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Some glimpses behind 3 winning Arlington poets

Kathleen Lentz goes for a chilly walk.Poet Kathleen Lentz goes for a chilly walk.

Three Arlington poets have penned verse reflecting reminiscence, passion and the persistence of nature.

All are traditional occasions for poetry. None of the poems is directly about Arlington.

No matter.

Words by Kathleen Lentz, Joanne Holdridge and Kim Triedman were chosen by Alan Feldman, a widely published poet who lives in Framingham and Wellfleet.

He judged the town's first competition among poets promulgated by the town's first poet laureate Miriam Levine.

The three poets read their words Wednesday, Dec. 9, in the Robbins Library Community Room.

Lentz is a child psychiatrist with a background in Chinese history who has been writing for many years, starting as an undergraduate at the University of Iowa, where she studied with poet Donald Justice. She wrote "Mrs. Moore," judged the best:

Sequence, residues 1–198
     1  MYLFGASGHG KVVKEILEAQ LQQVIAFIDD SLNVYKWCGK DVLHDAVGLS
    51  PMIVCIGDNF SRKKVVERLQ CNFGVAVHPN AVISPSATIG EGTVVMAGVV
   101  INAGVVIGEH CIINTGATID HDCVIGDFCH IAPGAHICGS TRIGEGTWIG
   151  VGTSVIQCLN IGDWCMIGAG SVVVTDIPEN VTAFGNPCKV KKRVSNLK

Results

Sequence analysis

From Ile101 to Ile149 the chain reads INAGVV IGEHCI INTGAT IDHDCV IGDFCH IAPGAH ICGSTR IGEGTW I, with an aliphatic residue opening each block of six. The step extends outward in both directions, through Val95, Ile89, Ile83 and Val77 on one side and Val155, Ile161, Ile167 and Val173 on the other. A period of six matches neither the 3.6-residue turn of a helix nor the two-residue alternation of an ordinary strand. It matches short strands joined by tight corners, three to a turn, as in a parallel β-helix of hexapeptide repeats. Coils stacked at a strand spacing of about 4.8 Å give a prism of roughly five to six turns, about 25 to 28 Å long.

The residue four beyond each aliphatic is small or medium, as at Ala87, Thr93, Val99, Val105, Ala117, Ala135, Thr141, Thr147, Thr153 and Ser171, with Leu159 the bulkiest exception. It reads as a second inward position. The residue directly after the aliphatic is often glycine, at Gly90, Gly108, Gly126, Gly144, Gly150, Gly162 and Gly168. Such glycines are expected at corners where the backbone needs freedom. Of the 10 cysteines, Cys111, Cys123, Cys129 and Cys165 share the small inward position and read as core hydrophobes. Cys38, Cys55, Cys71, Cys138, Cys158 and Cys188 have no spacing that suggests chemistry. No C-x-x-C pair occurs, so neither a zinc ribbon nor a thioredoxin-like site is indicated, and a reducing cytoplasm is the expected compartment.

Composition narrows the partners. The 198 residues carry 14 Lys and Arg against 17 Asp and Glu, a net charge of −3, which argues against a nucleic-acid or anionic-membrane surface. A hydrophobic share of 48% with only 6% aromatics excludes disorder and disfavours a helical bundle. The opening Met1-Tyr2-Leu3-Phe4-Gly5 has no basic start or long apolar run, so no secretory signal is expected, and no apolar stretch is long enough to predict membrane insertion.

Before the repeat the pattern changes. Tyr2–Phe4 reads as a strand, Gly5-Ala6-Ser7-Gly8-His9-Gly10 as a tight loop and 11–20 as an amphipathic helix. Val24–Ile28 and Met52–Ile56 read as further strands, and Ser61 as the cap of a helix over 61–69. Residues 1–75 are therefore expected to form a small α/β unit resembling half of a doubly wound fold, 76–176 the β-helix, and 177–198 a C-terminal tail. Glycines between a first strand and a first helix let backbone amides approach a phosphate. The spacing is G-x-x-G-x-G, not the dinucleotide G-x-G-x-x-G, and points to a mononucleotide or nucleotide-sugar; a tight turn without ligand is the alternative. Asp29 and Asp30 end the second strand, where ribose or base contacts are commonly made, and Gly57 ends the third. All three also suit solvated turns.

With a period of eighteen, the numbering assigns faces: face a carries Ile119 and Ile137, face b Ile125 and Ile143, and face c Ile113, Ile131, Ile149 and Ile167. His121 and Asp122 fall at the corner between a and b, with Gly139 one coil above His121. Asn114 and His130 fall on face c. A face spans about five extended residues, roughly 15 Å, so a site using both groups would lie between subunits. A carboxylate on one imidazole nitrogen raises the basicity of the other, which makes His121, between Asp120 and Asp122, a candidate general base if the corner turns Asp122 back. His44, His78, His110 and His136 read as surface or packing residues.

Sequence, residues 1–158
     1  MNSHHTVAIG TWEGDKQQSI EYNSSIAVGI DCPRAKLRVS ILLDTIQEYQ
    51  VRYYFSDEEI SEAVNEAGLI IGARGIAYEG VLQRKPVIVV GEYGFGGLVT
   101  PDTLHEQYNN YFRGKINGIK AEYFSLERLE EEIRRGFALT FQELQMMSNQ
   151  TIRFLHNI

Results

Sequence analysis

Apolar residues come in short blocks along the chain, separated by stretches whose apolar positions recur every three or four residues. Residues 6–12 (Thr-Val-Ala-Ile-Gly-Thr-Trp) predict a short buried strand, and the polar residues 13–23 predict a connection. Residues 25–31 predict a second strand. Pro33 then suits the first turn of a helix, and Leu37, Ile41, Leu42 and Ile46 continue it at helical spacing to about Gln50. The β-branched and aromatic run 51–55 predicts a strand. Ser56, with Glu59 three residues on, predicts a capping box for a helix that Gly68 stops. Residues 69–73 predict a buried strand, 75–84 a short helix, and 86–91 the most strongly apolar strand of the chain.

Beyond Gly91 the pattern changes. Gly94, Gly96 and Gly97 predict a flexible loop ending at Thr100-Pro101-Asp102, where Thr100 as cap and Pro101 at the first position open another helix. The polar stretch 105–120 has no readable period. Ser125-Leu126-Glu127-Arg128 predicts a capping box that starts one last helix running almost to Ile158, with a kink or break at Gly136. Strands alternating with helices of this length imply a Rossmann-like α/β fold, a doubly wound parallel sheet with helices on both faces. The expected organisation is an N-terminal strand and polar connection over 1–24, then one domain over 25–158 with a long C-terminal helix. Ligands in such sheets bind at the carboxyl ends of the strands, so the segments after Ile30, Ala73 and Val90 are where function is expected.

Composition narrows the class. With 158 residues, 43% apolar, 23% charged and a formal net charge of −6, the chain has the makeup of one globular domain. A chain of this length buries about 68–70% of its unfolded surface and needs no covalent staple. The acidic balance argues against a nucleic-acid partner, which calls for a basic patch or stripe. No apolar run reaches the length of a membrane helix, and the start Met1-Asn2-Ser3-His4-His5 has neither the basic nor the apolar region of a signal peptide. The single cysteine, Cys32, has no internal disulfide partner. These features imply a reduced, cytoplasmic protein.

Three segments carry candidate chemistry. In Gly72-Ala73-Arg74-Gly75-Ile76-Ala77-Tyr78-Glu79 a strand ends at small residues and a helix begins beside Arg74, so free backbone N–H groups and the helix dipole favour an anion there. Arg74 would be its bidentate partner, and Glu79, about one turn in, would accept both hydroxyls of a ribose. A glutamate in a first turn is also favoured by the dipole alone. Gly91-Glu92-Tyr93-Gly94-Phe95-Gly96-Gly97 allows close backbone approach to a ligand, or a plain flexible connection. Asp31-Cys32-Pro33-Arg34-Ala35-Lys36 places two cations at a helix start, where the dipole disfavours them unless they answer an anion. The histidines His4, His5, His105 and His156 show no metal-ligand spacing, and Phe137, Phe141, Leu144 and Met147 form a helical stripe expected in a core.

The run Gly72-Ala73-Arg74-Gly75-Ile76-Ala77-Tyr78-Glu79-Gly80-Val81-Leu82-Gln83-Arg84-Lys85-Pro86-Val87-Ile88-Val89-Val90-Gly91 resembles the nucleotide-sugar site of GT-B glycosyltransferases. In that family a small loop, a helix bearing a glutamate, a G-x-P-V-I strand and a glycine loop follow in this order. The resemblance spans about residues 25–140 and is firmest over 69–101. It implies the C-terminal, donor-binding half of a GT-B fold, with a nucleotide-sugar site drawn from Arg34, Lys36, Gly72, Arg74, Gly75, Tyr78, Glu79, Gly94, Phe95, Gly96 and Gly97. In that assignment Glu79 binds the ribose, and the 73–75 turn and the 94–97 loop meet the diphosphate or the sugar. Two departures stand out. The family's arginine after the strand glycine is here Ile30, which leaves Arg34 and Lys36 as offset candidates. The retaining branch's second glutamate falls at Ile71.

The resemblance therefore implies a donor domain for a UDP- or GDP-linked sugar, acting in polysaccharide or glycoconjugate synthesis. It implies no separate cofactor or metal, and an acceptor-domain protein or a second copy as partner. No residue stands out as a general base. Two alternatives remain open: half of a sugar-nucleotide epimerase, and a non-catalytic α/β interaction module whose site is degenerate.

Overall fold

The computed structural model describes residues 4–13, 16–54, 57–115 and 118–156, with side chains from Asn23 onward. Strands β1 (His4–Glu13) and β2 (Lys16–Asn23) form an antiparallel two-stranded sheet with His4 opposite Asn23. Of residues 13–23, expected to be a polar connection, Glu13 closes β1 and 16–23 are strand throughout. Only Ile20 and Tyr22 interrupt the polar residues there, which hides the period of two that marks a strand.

I remember her at the dayroom door
on her way somewhere carrying something
stopping to listen to an urgent child
who would have been asking whether
he could get off punishment or she
could get adopted by the couple who visited her
or maybe it was the girl who meowed
she was tending to
or the boy who hid behind pillars
with his hands over his face.
This was long ago and I was nineteen
and when we first met she'd scared me:
so sure of herself, so clearly doubtful I'd be
of any use, skinny white girl that I was.
In that place
we washed out mouths with soap
and hit small bare legs with sticks
and there too I saw for the first time
an adult who would pay complete attention
to a child, her gaze full on the small face